Spade by Spade (2018) 120 X 45 X 26 cm steel
On the point concerning scale, it is worth also noting the artist’s aversion to the gigantic or spectacular in presentation, a common trait in contemporary figurative sculpture, seen in the work of sculptors such as Thomas Houseago or David Alkmejd. For ‘t Jolle an encounter with the work must retain a human scale and approachable presentation.
Materials and the process of realising the work are often a matter of opportunity or occasion for ‘t Jolle. Works tend to pass through distinct stages, noted in the broad dating to some works (sometimes spanning two or three years), in which time other means become available and the work ‘progresses’. In this sense, much of the artist’s work is a work ‘in progress’. Here the artist’s production process finds a convenient parallel with the ostensible economic model targeted in the show title. It too suffers stops and starts, is often patching and rephrasing a more fluent statement, is surely bad for the market. This aspect is particularly to the fore in Progress in Work (2018).
Progress in Work (2018) 170 X 105 X 102 cm steel, earth and rubble
Here the work has ‘progressed’ no further than a bare armature and slyly hints at a robotic framework beneath the worker’s worn demeanour. Things may be bad under this economic model but one senses they could get a lot worse for people.
This interweaving of formal issues with social ones is particularly elegant. Ultimately, it is what lifts the work beyond mere satire or polemic. The work is grounded, not just in a broad social practice and situation but in the particulars of production and the artist’s own preferences and opportunities. The work is heartfelt and hands-on in ways that are refreshing in contemporary sculpture. We encounter the work in an economy of representation, where works work for their meaning, even if not fully or perhaps without working properly. And where what is bad is something less than persons, a savage diminishment of labour that threatens to be beyond repair or progress. The work wears its sophistication lightly, and while deceptively slight, rewards extended viewing.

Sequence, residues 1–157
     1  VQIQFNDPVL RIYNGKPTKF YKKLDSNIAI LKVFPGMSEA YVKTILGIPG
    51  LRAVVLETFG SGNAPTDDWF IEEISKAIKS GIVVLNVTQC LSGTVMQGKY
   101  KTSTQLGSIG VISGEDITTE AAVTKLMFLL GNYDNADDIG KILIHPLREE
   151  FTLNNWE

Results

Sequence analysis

The artist was born in Antwerp in 1966 and attended the Antwerp Royal Academy of Fine Arts 1986-1990 following which he exhibited throughout Belgium, France, Italy, Germany and Switzerland, in private and public galleries, solo and group or curated shows. Apart from sculpture the artist has also been prolific in drawing and publications, such as his 2017 book The Age of Entitlement, accompanying an exhibition at Wiels in Brussels and an online album of drawings.
It is a surprise, to say the least, to find a mid-career artist of his standing exhibiting in Melbourne, indeed to learn that he has been a resident here since 2011, together with his Australian wife and young family. While he shrugs philosophically about advice of ‘career suicide’, on the whole there can be no doubt that it has proved a satisfactory arrangement personally. In that time he has maintained his continental connections and preserved a solid reputation and extensive web presence, much of which is listed below. His exposure here actually starts from the Melbourne International Biennale of 1999 when he was part of a Belgian pavilion. But this is really the first time Melbourne has had a chance to view a solo exhibition of any substance. It is surely a bit of a coup for Station to have secured such a talent and marks a welcome addition to the Melbourne art scene
ALL IMAGES COURTESY OF THE ARTIST AND STATION
My thanks to both for help in preparing this